Halliburton’s management of risk
I was proud to be a member of the Plaintiffs’ Steering Committee that announced a settlement yesterday with Halliburton Energy Services Inc. This settlement will make approximately $1 billion in additional funds available to some victims of the Deepwater Horizon tragedy.
Halliburton is one of the principal defendants involved in the ongoing litigation resulting from the 2010 oil spill but is generally viewed to be the least responsible of the three defendant parties (BP, Transocean and Halliburton). Under orders that have been issued by the Court, BP has been deemed to be responsible for any compensatory claims that may exist against BP, Transocean or Halliburton. Therefore, the only remaining claims against Halliburton were potential claims for punitive damages, if and only if, they were found to be grossly negligent, and that gross negligence met the legal standard for punitive damages. That issue was tried as part of Phase 1 and Phase 2 of the MDL proceedings, however, no decision in this portion of the proceeding has been issued by the Court. An opinion is anticipated in the near future.
Oftentimes, settlements are reached when parties are in a state of uncertainty. Obviously, a finding of punitive damages by the Court would have made the risk of litigation more costly for Halliburton, but at the same time, if the Court were to find that Halliburton was not grossly negligent, they would have not had any potential liability. Halliburton chose not to roll the dice and instead entered this settlement agreement.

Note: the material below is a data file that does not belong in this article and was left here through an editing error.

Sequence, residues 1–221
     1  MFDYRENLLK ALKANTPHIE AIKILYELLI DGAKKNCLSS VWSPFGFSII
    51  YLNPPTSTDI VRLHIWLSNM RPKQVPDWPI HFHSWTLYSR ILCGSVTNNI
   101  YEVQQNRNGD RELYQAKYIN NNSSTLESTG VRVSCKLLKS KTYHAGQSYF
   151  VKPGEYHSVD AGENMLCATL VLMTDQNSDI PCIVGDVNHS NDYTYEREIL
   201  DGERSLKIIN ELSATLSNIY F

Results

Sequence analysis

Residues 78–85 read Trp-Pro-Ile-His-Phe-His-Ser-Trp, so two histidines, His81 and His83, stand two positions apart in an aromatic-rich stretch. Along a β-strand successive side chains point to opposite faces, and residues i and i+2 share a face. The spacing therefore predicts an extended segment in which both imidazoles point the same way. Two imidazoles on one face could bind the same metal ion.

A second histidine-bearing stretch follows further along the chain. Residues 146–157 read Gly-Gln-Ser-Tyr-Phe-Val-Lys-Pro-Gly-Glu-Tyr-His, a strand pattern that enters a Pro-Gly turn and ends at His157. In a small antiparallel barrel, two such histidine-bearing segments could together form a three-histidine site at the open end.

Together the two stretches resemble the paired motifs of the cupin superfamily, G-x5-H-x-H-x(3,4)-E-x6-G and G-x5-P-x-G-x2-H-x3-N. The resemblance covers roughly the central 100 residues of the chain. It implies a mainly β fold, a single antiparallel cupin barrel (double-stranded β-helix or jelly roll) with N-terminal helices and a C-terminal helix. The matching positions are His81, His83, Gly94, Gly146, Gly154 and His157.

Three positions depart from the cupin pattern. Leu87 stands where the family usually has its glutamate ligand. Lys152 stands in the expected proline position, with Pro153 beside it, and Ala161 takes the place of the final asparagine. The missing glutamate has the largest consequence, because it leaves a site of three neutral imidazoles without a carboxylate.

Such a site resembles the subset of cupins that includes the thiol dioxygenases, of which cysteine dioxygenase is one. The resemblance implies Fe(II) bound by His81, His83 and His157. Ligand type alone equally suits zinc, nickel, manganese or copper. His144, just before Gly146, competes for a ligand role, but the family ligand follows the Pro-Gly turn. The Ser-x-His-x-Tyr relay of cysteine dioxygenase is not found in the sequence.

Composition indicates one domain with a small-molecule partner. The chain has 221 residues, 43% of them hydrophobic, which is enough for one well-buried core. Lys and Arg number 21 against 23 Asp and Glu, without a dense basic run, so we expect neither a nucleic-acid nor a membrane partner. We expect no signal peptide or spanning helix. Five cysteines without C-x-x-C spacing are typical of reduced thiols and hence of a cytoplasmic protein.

Unlike the BP Settlement, however, the funds resulting from this settlement will not be available until the Court has finalized the class proceedings and the Deepwater Class is granted final certification, which is now awaiting ruling from the United State Supreme Court. While the timing of these two final determinations is unknown, two groups are set to benefit from this settlement agreement: businesses and individuals who are already part of the existing Economic and Property Damage class; and commercial fishermen, charter boat operators, property owners and local governments who were impacted by the spill and have claims for punitive damages under the court’s prior rulings.
Under the Settlement Agreement, the Court will be asked to appoint an Allocation Special Master to distribute the funds between the Punitive Damage Claimants and the Deepwater Horizon Class, who received the rights of BP by way of an assignment in their Settlement last year.
This Settlement will take a significant amount of time to work its way through the court system. However, we strongly believed it was in the best interest of clients to proceed by way of settlement, and that has been done.
We are still left with many unanswered questions and much repair that needs to be done as a result of that tragic April day in 2010. But perhaps Halliburton’s decision to settle can be a domino that triggers a wave of much needed answers and resolutions for the Gulf Coast.